Acton Institute Powerblog Archives

Post Tagged 'imago dei'

Arvo Pärt on the economy of wonder

Our society has grown increasingly transactional in its ways of thinking, whether about family, business, education, or politics. Everything we spend, steward, or invest — our money, time, and relationships — must somehow secure an immediate personal return or reward, lest it be cast aside as “wasteful.” As an overarching philosophy of life, such an approach fails not due only due to its narrow individualism, but also to its cramped obsession with scarcity, standing in stark contrast with the lavish abundance and gratuitous generosity of the Gospel. Continue Reading...

Are slums a sign of human creativity and potential?

As humans, we are made in the image of God. We are co-creators, fashioned to produce and create, contribute and collaborate, give and receive, trade and exchange. Yet far too often, in our approaches to fighting poverty, we subscribe to a fundamental distortion of this reality, treating humans as mere consumers and “drains” on wealth and resources. Continue Reading...

Economist as prophet vs. savior

What do economists actually know? What can they possibly know? Assuming his usual role as the insider skeptic, economist Russ Roberts ponders those questions at length, concluding that far too much economic analysis is conducted and promoted with far too little humility. Continue Reading...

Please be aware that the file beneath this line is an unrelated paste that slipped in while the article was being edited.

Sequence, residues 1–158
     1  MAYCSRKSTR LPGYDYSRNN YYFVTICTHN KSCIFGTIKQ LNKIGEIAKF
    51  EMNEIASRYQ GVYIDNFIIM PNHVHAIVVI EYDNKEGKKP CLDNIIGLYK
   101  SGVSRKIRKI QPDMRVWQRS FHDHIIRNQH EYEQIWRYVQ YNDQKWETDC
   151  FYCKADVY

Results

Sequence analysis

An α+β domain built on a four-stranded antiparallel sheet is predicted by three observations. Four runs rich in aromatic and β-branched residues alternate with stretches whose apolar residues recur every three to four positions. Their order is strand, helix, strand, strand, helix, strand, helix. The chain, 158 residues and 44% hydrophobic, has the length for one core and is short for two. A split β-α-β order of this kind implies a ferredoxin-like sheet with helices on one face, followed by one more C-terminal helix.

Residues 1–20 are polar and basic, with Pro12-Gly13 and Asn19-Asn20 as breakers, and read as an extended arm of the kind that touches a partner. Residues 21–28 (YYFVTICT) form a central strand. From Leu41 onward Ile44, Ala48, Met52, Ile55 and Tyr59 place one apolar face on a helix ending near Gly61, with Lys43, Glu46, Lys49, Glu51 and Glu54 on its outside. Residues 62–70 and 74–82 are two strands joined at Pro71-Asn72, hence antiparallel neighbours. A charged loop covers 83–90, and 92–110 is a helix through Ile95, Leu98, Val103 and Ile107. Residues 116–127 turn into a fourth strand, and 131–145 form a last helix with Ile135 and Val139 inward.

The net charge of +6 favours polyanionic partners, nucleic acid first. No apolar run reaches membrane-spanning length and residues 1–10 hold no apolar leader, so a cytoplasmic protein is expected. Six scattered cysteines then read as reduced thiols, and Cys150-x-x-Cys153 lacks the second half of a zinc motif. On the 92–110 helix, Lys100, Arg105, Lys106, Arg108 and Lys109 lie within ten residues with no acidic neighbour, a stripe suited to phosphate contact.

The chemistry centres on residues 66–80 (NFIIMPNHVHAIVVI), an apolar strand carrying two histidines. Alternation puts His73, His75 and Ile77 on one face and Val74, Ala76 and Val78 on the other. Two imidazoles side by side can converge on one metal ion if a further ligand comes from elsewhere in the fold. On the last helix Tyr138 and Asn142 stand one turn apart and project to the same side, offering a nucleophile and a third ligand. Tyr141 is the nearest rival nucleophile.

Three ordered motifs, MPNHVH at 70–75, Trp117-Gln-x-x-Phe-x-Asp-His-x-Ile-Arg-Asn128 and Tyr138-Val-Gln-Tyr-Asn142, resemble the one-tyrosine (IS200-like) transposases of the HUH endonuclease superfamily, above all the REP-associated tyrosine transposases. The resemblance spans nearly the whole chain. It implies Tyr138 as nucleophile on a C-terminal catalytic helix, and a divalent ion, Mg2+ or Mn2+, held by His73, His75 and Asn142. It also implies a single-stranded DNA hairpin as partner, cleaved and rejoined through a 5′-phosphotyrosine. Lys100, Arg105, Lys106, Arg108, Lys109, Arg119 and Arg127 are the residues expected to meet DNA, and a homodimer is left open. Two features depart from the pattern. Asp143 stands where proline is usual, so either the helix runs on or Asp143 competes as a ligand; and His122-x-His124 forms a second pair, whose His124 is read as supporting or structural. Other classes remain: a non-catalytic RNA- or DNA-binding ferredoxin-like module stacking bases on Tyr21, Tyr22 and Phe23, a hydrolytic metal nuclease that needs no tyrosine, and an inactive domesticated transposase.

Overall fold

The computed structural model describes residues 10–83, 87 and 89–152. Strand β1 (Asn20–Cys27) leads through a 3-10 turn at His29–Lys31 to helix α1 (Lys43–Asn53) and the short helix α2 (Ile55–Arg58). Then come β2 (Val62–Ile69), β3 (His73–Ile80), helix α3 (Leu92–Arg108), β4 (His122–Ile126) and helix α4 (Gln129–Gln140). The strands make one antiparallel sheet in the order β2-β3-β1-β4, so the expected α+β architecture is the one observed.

Kings without a king: Kuyper on the illusion of independence

“A human kingship imperceptibly came to power, leaving no place for the kingship of Christ.” –Abraham Kuyper The West prides itself on valuing freedom – political, economic, religious, and otherwise. For some, this leads to the promotion of a certain brand of libertinism: the freedom to do what we want. Continue Reading...

The paradox of flourishing: Where authority and vulnerability meet

In our discussions about politics, society, and culture, the vocabulary of “human flourishing” has become increasingly popular, moving dangerously close to the status of blurry buzzword. Yet at its best, the term captures the connective tissue between the material and the transcendent, the immediate and the eternal, pointing toward a holistic prosperity that accounts for the full complexity of the human person. Continue Reading...

Uniting economics with the grammar of creation

Michael Thigpen had a successful job at a bank, rising through the ranks of the company to a management position. Yet he had originally planned to be a teacher or a pastor, and after finally graduating from seminary and struggling to find a position in either role, he became frustrated with his banking career. Continue Reading...

Seeing the Creator Through Coffee

“Good work…does not disassociate life and work, or pleasure and work, or love and work.” These words, written by Wendell Berry, pulse throughout the work of Laremy De Vries, owner and chef of The Fruited Plain Café, a sandwich and coffee shop in Sioux Center, Iowa. Continue Reading...

Children Are a Gift to Civilization

With our newfound economic prosperity and the political liberalization of the West, we have transitioned into an era of hyper consumerism and choice. This involves all sorts of blessings, to be sure, but it brings its own distinct risks. Continue Reading...